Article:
Russians accused of burning bodies in Kherson dump | Ukraine

youhe landfill on the outskirts of Kherson offers a few visible hints here and there, among the rubbish piles, of what locals and workers say happened in its recent past. Russian flags, uniforms and helmets emerge from the rotting mud, while hundreds of seagulls and dozens of stray dogs rummage around.

As the Russian occupation of the region was on its last legs over the summer, the site, once a mundane place where residents disposed of their rubbish, became a no-go area, according to Khersonians, fiercely cordoned off by police forces. invading forces of alleged prying eyes.

The reason for the nervous secrecy, several residents and workers at the site told The Guardian, was that the occupying forces had a gruesome new purpose there: to dump the bodies of their fallen brothers and then burn them.

Residents report seeing Russian open trucks arriving at the site with black bags which they then set on fire, filling the air with a great cloud of smoke and a terrifying stench of burning meat.

They believe that the Russians were disposing of the bodies of their soldiers killed during the heavy fighting on those summer days.

“Every time our army bombed the Russians there, they took the remains to the dump and burned them,” says Iryna, 40, a Kherson resident.

Two Russian helmets at the Kherson dump.
Two Russian helmets at the Kherson dump. Photography: Alessio Mamo/The Guardian

Ukraine’s attempts to gain momentum and retake the southern city began in late June, when the long-awaited US-made Himars long-range rockets finally hit one of the front lines there. Kyiv was putting them to good use to heavily damage bridges across the Dnipro, destroy Russian ammunition depots, and engage enemy artillery and forces.

It was around this time, residents said, that they began to fear a new use for the site.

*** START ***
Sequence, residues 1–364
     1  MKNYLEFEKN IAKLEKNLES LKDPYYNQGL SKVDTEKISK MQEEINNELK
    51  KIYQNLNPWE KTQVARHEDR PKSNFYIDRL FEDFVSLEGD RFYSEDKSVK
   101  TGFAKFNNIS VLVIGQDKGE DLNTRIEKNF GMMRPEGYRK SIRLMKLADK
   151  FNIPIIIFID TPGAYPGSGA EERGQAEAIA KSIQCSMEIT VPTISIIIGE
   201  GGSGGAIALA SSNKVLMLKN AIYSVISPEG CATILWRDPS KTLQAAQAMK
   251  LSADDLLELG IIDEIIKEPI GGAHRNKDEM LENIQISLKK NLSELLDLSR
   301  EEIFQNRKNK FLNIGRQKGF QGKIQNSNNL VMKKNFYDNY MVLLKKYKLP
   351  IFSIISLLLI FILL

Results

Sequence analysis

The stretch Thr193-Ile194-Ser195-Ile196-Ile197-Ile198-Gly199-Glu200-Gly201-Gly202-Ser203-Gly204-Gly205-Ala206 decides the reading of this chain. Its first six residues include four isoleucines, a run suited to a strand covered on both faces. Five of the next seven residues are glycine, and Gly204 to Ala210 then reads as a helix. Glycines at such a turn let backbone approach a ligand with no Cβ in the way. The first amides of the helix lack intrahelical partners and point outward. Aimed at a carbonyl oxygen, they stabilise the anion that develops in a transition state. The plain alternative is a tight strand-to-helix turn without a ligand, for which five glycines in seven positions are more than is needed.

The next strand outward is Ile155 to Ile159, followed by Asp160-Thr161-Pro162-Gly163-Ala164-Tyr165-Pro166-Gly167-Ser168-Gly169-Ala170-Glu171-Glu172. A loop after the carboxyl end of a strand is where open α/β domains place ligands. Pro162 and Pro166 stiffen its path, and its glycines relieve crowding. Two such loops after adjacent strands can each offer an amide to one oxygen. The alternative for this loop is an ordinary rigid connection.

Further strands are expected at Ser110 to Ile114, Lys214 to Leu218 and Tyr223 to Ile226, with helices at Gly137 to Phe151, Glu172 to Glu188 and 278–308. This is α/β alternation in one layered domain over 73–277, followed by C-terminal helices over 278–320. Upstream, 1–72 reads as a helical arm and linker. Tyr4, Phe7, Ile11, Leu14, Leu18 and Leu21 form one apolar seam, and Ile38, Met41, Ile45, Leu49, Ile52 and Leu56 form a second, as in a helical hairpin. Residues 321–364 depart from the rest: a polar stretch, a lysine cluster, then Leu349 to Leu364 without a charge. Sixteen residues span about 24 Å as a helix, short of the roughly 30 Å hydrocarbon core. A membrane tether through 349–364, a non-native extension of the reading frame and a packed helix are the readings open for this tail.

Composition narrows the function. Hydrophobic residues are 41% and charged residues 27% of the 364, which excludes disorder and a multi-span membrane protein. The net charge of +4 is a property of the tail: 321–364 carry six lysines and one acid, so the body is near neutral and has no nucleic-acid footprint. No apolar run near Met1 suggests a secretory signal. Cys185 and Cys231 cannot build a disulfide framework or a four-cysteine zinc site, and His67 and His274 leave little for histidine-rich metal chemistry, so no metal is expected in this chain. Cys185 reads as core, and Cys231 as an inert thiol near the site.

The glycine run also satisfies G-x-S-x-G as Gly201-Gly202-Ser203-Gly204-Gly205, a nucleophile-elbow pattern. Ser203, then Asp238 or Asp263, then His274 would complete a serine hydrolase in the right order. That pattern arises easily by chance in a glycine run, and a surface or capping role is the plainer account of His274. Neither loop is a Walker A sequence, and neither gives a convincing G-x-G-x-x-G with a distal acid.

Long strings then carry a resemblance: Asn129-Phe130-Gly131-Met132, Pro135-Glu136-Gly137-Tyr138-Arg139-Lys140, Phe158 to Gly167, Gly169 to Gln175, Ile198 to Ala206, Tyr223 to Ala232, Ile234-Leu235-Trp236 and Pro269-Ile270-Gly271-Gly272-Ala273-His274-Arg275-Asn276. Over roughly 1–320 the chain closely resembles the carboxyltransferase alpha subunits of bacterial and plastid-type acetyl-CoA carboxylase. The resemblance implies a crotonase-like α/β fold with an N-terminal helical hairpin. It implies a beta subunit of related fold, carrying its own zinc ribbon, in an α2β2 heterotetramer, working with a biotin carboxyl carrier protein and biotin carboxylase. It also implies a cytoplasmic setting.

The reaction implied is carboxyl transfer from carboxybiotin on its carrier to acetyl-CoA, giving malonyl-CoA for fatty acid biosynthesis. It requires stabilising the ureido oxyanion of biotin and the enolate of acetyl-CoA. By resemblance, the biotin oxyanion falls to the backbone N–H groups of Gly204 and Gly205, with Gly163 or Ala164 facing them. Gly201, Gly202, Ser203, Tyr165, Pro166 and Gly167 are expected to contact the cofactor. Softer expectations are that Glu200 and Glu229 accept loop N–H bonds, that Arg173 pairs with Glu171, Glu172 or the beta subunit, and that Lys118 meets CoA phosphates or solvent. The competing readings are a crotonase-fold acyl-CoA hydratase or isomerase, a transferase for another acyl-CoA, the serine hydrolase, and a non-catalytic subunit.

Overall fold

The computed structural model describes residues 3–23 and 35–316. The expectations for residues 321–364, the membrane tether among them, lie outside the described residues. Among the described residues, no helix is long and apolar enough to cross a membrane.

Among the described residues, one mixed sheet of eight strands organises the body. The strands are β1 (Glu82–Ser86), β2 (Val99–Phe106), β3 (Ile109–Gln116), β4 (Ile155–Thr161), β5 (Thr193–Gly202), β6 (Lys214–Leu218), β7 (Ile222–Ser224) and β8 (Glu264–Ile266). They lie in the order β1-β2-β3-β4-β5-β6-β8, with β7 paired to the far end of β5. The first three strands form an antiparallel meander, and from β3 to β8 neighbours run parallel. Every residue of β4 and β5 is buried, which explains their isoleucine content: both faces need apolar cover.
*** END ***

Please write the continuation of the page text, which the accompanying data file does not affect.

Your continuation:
It is not possible to independently verify the claims, and Ukrainian authorities said they could not comment on whether the claims were being investigated. The Guardian visited the dump, located on the northwestern outskirts of the city, five days after Kherson’s liberation and spoke to site employees, as well as several other city residents, who backed up the claims made by others in summer. .

“The Russians drove a kamaz full of garbage and corpses all together and dumped,” said a Kherson garbage collector who asked not to be named. “Do you think someone was going to bury them? They dumped them and then they dumped the trash on them, and that’s it.”

Workers on site.
Workers on site. Photography: Alessio Mamo/The Guardian

He said he did not see if the bodies belonged to soldiers or civilians. “I did not see. I have said enough. I am not afraid, I have been fighting this war since 2014. I have been in Donbas.

“But the less you know, the better you sleep,” he added, quoting a Ukrainian saying. Fear lives on among residents who lived for eight months under a police state, in which the Russian authorities did not tolerate the slightest hint of dissent. The price was arrest, or worse still: death.

Svitlana Viktorivna, 45, who with her husband, Oleksandr, has been hauling waste to the dump in their truck for years, said a Russian checkpoint was set up at its entrance.

Svitlana Viktorivna with her husband, Oleksandr.
Svitlana Viktorivna with her husband, Oleksandr. Photography: Alessio Mamo/The Guardian